NHS Highland bullying victims are having their compensation payments reduced because they are being administered through the health board’s pay-roll, says an MSP.
Edward Mountain, Tory MSP for the Highlands, said the use of the payroll system means current and past employees are being put into higher tax brackets and those who lost their jobs are denied benefits.
Mr Mountain raised the issue at First Minister’s Questions where he argued that the Scottish Government has the power to make compensation payments that would not attract income tax or national insurance payments.
Addressing Nicola Sturgeon, Mr Mountain asked her if she agreed that “unnecessarily” using the payroll system “compounds the pain and suffering” and demonstrated “no compassion” to those who had been “bullied”.
The Tory MSP asked the first minister to “resolve the issue as a matter of urgency”.
The first minister either doesn’t care or doesn’t understand. In four and a half years as an MSP I’ve never heard such a disgraceful response, when all that was needed was compassion.”
Edward Mountain after his exchange with Nicola Sturgeon
The compensation payments are being made after an independent review by John Sturrock QC last year found hundreds of health workers had been subjected to inappropriate behaviour.
Ms Sturgeon replied by saying she would be happy to see if there was a different way of making the payments, which would avoid tax implications.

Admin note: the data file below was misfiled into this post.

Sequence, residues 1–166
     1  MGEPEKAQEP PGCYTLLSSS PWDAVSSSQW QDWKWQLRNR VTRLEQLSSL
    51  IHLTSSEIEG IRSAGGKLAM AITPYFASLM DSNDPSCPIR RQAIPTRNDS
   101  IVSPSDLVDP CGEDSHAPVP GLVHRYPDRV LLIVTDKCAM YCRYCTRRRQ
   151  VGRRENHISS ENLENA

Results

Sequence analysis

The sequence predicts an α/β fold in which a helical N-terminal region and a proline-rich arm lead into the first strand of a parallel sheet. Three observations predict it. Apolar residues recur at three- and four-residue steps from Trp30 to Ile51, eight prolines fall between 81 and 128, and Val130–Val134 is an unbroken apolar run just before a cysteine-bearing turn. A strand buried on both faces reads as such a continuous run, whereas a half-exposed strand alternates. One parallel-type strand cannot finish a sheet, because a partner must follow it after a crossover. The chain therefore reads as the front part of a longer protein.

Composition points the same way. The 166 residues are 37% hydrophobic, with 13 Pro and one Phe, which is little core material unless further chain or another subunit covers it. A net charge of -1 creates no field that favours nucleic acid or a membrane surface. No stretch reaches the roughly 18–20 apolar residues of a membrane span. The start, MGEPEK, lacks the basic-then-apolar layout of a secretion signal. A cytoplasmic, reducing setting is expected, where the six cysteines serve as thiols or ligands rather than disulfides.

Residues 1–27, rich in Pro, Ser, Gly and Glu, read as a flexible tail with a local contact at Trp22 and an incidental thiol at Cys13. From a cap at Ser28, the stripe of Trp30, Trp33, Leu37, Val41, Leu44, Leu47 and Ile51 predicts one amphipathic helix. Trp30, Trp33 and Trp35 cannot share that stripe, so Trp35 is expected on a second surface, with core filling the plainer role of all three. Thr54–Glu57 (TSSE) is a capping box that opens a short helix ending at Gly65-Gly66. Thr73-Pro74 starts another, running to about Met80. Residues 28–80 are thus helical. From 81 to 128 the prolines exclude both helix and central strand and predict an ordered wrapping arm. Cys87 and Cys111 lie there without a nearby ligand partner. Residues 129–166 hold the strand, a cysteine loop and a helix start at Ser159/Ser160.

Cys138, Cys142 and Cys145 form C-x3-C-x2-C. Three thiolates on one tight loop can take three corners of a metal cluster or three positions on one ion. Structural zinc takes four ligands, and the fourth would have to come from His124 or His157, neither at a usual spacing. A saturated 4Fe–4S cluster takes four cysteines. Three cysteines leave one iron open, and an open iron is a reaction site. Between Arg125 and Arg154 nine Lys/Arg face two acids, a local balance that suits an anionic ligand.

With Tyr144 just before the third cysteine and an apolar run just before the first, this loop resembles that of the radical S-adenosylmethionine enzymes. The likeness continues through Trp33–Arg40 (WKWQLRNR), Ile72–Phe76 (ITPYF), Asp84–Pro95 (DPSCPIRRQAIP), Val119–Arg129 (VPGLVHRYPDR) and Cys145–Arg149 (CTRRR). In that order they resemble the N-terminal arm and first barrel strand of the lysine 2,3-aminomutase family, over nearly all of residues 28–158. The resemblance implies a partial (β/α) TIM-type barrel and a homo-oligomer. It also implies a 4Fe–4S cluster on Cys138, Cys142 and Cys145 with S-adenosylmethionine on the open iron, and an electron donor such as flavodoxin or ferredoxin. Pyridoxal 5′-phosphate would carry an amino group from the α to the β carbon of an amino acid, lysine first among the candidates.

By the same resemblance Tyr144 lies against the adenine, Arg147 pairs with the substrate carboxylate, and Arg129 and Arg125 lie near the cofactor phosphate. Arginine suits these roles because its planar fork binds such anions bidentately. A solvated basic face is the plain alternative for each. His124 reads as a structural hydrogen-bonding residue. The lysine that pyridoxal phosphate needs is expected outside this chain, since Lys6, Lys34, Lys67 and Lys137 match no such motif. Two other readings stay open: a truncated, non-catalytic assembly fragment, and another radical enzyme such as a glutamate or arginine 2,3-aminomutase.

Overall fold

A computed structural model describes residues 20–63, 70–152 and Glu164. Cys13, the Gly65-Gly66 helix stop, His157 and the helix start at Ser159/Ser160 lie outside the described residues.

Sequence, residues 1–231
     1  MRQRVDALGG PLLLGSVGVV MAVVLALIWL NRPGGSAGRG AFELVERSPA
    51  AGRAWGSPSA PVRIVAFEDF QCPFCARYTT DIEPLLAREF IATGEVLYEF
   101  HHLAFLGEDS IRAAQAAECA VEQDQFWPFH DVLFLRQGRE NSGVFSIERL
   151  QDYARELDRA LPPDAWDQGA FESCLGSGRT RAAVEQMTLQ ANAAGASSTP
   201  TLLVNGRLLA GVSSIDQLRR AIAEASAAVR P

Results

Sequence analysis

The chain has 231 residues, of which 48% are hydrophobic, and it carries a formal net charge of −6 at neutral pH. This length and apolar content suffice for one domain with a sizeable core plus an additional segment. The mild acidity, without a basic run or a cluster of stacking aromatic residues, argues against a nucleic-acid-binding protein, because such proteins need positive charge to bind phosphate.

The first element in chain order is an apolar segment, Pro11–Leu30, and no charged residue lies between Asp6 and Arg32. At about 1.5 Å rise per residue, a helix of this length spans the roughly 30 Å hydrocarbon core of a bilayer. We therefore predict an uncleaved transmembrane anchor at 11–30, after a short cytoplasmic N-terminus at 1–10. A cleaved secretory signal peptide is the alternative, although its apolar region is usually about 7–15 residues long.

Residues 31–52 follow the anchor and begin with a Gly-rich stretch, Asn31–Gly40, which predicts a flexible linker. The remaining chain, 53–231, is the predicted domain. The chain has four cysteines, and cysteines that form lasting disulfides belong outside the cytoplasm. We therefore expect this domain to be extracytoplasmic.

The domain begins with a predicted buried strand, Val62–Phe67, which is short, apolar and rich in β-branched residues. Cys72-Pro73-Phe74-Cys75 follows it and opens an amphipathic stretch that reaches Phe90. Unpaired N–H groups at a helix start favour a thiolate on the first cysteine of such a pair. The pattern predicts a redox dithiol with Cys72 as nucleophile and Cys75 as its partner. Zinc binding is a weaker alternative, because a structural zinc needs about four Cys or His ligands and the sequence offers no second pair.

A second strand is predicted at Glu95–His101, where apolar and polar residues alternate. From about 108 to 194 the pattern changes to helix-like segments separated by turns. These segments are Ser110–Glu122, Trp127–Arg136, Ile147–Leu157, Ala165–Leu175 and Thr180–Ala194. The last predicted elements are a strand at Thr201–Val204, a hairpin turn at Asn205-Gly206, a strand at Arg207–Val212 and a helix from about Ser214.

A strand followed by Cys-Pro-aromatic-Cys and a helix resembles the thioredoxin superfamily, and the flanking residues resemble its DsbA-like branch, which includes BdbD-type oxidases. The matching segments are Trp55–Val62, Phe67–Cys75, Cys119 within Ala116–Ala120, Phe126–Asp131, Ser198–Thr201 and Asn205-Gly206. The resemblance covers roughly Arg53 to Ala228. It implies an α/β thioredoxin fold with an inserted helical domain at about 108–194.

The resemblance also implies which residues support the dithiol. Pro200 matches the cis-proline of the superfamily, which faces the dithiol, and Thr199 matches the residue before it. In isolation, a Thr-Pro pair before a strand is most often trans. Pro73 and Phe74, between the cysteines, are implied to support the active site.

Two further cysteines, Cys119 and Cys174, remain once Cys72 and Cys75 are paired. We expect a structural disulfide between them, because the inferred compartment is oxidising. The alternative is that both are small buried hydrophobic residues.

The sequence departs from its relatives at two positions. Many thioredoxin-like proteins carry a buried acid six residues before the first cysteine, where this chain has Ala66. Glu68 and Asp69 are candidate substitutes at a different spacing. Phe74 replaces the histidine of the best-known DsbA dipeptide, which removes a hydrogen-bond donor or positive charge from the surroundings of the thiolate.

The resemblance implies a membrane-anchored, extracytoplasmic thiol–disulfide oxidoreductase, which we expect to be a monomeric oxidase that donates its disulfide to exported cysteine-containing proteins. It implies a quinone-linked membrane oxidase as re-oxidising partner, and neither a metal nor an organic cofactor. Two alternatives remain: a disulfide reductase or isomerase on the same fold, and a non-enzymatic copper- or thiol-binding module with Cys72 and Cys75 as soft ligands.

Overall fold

But she tried to turn attention on to the UK Government. Ms Sturgeon said: “Perhaps there is an easier way for this to be dealt with. The UK Government that is responsible for deciding what income is subject to tax and is in charge of the majority of our benefit system decided to exempt payments like this from that. And while they are at it, they could exempt the £500 bonus for NHS and social care workers as well.”
Her answer infuriated Mr Mountain, who afterwards said: “The First Minister either doesn’t care or doesn’t understand. In four and a half years as an MSP I’ve never heard such a disgraceful response, when all that was needed was compassion.
“The first £30,000 of compensation can be made, and should have been made, as a non-taxable payment. There was no need for compensation to be paid through payroll, creating tax implications and a loss of benefits for those already bullied.
“The Scottish Government, which is funding the compensation, continues to show startling hypocrisy too. The first minister has accused the UK Government of taxing the £500 bonus to health workers, when she herself is not interested in ensuring compensation payments to bullying victims are exempt from tax. This is quite unbelievable and unacceptable.”
Mr Mountain added: “The First Minister and NHS Highland need to resolve this urgently. A caring employer would have made sure that this wasn’t an issue in the first place.”